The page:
Q: Brad, I have a
non-mechanical question. On my way down that steep hill, I noticed
the hood of a car on the up side was engulfed in flames. Blazing!
This was my first experience seeing an engine fire, and it made me
wonder what could be burning. I know that engines are mostly metal,
that oil leaks tend to smolder and that electrical shorts don’t
flame without a nearby combustible. What is under the car hood that
would cause this kind of a blaze?
A: Wow! You seem to
know your fire stuff! I wonder if the “up side” hill climbing
played into this or if it was just a coincidence.
The most likely cause
of an engine fire has to be a fuel leak. This could occur due to a
faulty fuel line connection, chafing or damaged fuel line/hose, or
cracked fuel injector casing, among other factors.
Depending on a
vehicle’s fuel injection vintage and section of its system, fuel
pressure can range from about 40 to 3000 PSI, so a leak can really
shoot fuel all over the place under hood!
Needed next is a
source of ignition, such as a tiny spark from alternator or radiator
fan brushes, a leaking ignition system, or a hot surface such as an
exhaust manifold or turbocharger.
cause is an oil leak, but a really hot surface such as the exhaust
manifold would be needed to get it going. A missing oil filler cap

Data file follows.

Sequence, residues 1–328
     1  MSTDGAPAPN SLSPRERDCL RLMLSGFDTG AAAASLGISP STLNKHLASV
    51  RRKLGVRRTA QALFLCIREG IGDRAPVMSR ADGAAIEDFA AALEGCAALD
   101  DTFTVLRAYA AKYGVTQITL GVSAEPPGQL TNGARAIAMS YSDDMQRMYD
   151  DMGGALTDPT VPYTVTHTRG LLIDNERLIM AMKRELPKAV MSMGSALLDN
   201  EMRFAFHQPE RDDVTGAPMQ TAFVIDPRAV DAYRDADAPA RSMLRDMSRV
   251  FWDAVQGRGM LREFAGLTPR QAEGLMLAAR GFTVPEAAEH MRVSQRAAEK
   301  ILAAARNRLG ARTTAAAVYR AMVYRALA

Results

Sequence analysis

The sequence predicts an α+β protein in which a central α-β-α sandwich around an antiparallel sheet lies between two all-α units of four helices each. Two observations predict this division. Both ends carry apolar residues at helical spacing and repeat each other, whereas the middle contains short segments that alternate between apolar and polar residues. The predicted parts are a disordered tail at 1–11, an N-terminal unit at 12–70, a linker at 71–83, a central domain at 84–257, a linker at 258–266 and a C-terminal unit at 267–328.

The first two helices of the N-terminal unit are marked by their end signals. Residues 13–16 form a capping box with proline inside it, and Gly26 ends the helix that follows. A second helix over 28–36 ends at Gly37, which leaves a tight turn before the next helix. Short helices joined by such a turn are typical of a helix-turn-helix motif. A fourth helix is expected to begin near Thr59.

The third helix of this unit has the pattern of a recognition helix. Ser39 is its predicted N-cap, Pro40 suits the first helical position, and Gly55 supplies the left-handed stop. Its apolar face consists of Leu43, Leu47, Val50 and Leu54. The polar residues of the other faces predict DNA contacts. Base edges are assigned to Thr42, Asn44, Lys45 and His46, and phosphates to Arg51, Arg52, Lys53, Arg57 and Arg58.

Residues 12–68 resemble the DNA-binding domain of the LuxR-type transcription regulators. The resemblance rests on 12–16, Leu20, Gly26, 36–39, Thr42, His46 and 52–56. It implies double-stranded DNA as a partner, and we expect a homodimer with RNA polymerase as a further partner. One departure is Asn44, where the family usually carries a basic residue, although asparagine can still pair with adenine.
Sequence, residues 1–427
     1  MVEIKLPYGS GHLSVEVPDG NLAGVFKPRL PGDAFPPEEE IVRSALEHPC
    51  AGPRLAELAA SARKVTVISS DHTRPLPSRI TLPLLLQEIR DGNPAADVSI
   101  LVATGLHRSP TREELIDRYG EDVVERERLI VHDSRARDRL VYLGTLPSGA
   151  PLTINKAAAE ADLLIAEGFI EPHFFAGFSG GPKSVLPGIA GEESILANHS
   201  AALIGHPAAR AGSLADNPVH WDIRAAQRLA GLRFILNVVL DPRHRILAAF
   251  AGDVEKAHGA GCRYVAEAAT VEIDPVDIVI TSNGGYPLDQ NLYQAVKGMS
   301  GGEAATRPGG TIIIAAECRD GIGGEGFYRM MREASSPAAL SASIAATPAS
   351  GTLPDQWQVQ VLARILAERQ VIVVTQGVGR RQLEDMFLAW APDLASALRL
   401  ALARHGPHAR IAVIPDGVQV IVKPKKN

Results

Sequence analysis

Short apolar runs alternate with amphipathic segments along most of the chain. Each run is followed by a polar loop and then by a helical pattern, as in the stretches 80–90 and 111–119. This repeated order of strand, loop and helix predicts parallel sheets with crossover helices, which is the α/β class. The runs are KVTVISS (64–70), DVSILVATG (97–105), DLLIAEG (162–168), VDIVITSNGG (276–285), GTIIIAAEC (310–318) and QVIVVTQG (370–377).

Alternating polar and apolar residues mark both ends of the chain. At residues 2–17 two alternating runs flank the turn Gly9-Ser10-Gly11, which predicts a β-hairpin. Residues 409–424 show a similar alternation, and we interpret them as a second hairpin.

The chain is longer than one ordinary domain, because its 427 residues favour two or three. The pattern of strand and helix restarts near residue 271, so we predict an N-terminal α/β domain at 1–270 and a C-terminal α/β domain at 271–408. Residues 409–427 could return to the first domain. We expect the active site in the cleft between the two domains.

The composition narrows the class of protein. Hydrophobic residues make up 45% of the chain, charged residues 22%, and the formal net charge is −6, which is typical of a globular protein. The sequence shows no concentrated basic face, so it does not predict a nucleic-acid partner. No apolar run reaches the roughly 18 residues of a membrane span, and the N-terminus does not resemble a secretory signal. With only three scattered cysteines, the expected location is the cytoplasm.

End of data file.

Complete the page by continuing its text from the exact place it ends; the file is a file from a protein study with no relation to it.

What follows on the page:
could result in quite a bit of oil slung around. I wonder if this
could be the culprit on the fire you witnessed as the exhaust
manifold temperature while climbing would be higher than normal?
When I was a tech at
Pontiac many moons ago, we’d occasionally see a severe valve cover
oil leak light up the 2.5L GM engines. In a case like this, prior to
a possible fire, one would note a lot of smoke and odor, rather
ominous signs of what might be ahead.
regarding the electrical shorting, which according to stats is only
about half as likely to cause a fire as the mechanical faults above.
It’s possible for a wire’s plastic insulation, tape and tubing
to catch fire, but the majority of circuits are protected (fused or
similar) in cas a short to ground occurs, and additional combustible
surfaces nearby would be likely be needed to result in a large fire.
Aside from a plastic engine cover, air filter box, fuse box, rubber
hoses, and additional wiring with plastic insulation, there aren’t
a large number of combustible items under hood to burn.
The number of vehicle
fires has steadily declined year over year, so that now about half
as many occur each year as occurred during the 1980s and ’90s. In
virtually all cases of vehicle fire, it’s recommended that
passengers quickly exit the vehicle and get at least 100 feet away.
Do not return for belongings!
Raising the hood or
opening doors in an attempt to extinguish the fire often
dramatically accelerates the fire, as more air becomes available. I
used to carry a fire extinguisher but fell out of the habit. Unless
the car was a cherished classic, I’d prefer to stand back and
start imagining how nice the next one will be!